Rural Broadband Access Getting Closer to Reality in Texas
House Bill 5 has been introduced to expand broadband access to communities that have limited or no broadband access.
According to NewsWest 9, the broadband bill will partner the state with local and regional institutions to map out who has and who is without internet.
"Digital learning is probably here to stay, distance learning is here to stay, tele-health is here to stay, but we have to bridge that digital divide and it's not just rural Texas, it's also areas of urban Texas that have a divide," said Dade Phelan, Speaker of the Texas House of Representatives.
Areas of urban Texas that have a divide includes Midland and Odessa believe it or not.
The state plans to pay for the $2 billion cost through the CARES Act funds and State Utilities Reliability Fund.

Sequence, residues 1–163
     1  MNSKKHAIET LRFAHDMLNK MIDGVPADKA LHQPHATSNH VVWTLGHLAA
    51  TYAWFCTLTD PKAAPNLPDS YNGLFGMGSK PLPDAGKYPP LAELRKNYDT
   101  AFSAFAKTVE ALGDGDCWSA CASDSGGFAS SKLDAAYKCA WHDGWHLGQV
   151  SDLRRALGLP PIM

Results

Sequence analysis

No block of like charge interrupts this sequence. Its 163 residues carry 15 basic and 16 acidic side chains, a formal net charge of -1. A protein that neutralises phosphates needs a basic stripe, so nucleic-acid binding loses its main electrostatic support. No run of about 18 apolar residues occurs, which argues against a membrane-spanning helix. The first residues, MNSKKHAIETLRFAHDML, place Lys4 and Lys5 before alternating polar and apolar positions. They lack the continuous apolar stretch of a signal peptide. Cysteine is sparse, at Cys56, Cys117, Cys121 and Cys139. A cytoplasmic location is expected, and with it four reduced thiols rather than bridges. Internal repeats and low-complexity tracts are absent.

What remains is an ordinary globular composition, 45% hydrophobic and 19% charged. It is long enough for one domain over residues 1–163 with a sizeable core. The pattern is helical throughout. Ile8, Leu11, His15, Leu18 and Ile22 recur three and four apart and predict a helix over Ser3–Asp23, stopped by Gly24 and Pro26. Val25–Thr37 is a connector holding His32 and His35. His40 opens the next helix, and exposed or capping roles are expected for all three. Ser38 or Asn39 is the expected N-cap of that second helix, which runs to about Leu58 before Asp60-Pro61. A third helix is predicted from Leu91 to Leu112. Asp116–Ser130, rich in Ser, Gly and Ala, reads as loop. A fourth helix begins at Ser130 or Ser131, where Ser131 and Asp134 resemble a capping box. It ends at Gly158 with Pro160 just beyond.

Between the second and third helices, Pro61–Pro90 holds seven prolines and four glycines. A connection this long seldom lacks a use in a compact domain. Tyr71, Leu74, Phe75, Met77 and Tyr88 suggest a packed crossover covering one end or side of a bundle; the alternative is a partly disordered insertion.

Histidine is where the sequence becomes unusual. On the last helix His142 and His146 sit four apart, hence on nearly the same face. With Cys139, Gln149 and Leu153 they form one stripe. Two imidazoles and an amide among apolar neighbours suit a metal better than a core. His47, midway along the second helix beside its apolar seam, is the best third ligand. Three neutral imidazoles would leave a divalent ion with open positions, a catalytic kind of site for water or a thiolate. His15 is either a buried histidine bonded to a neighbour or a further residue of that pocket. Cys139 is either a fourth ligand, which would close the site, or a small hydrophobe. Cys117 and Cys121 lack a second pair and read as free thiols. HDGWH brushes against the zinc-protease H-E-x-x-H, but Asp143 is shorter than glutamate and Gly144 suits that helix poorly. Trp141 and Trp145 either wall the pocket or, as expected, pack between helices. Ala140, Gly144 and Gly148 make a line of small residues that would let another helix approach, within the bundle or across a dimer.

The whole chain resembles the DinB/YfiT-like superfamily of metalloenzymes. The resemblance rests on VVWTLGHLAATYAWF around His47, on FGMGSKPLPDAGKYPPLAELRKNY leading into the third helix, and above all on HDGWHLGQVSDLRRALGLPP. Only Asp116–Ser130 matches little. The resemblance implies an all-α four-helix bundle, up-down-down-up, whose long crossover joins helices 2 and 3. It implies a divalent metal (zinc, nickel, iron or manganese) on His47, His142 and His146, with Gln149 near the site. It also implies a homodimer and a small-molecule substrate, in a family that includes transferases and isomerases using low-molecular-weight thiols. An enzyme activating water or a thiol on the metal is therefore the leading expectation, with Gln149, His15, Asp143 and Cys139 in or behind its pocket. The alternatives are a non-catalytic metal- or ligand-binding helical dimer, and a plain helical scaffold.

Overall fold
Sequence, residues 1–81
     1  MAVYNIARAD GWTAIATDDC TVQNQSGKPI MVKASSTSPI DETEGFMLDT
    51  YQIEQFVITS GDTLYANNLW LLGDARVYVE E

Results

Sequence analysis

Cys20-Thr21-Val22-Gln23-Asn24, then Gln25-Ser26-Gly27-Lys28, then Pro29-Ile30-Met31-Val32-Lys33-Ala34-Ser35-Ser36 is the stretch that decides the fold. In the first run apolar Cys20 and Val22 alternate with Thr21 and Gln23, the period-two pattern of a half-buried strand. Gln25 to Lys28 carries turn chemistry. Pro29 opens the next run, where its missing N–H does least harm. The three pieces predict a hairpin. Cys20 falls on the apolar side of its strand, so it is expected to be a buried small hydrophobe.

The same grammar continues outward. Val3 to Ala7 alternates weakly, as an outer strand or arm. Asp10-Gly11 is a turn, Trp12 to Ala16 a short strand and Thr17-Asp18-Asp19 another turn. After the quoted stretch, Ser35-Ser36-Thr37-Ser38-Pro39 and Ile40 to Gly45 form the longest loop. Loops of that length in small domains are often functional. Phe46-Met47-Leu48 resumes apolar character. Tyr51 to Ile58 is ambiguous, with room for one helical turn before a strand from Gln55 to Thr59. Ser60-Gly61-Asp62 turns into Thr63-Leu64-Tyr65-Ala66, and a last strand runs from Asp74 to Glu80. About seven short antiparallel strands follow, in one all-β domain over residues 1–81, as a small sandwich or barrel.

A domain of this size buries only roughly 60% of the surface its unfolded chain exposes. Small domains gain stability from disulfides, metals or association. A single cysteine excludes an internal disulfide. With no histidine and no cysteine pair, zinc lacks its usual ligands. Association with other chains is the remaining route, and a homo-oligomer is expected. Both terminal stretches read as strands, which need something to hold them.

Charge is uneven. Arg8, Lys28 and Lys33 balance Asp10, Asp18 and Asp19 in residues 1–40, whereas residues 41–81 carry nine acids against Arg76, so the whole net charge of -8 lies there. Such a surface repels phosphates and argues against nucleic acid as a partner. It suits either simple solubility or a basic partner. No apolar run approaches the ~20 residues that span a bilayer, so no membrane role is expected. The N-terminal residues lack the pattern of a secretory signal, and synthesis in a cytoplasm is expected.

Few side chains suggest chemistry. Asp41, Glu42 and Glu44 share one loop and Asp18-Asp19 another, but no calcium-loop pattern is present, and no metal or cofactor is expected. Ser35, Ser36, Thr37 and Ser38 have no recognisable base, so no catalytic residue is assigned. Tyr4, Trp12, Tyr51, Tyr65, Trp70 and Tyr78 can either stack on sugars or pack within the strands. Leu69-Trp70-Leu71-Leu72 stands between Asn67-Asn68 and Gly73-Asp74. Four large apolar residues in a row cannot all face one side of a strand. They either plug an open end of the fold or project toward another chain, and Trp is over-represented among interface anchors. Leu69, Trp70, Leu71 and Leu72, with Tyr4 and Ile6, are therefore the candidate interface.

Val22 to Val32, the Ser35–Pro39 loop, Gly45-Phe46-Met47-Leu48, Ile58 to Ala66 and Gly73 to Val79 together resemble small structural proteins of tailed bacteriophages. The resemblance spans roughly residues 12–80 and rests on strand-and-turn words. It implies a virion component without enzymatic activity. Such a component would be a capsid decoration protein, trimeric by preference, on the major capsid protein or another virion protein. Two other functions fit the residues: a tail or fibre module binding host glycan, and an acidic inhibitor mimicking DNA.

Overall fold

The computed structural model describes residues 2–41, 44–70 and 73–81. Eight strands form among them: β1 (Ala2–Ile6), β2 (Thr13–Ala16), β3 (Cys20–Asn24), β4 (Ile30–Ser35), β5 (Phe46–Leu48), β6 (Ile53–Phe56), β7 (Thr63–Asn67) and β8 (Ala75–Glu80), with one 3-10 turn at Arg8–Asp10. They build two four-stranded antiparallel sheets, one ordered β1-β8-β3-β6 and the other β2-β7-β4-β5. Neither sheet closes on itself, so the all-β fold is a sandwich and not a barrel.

"We are calling upon the state to work with the experts in this arena, the stakeholders, the citizenry of Texas to come up with a plan that works for Texas," said Texas State Representative Trent Ashby.
This would get Texas up to speed with other states who have gotten their broadband services out to rural areas that were without internet service.
"Increasing access to broadband we knew was important, but the pandemic turned it into something that was extremely urgent," Gov. Abbott said. "Look at what has happened to schools. Schools would not have be capable of providing education to students without broadband access and because of lack of broadband access to some homes."
The bill has bipartisan support and is scheduled to hit the house floor right after Easter and be on the ballot for Texas voters by November 2022.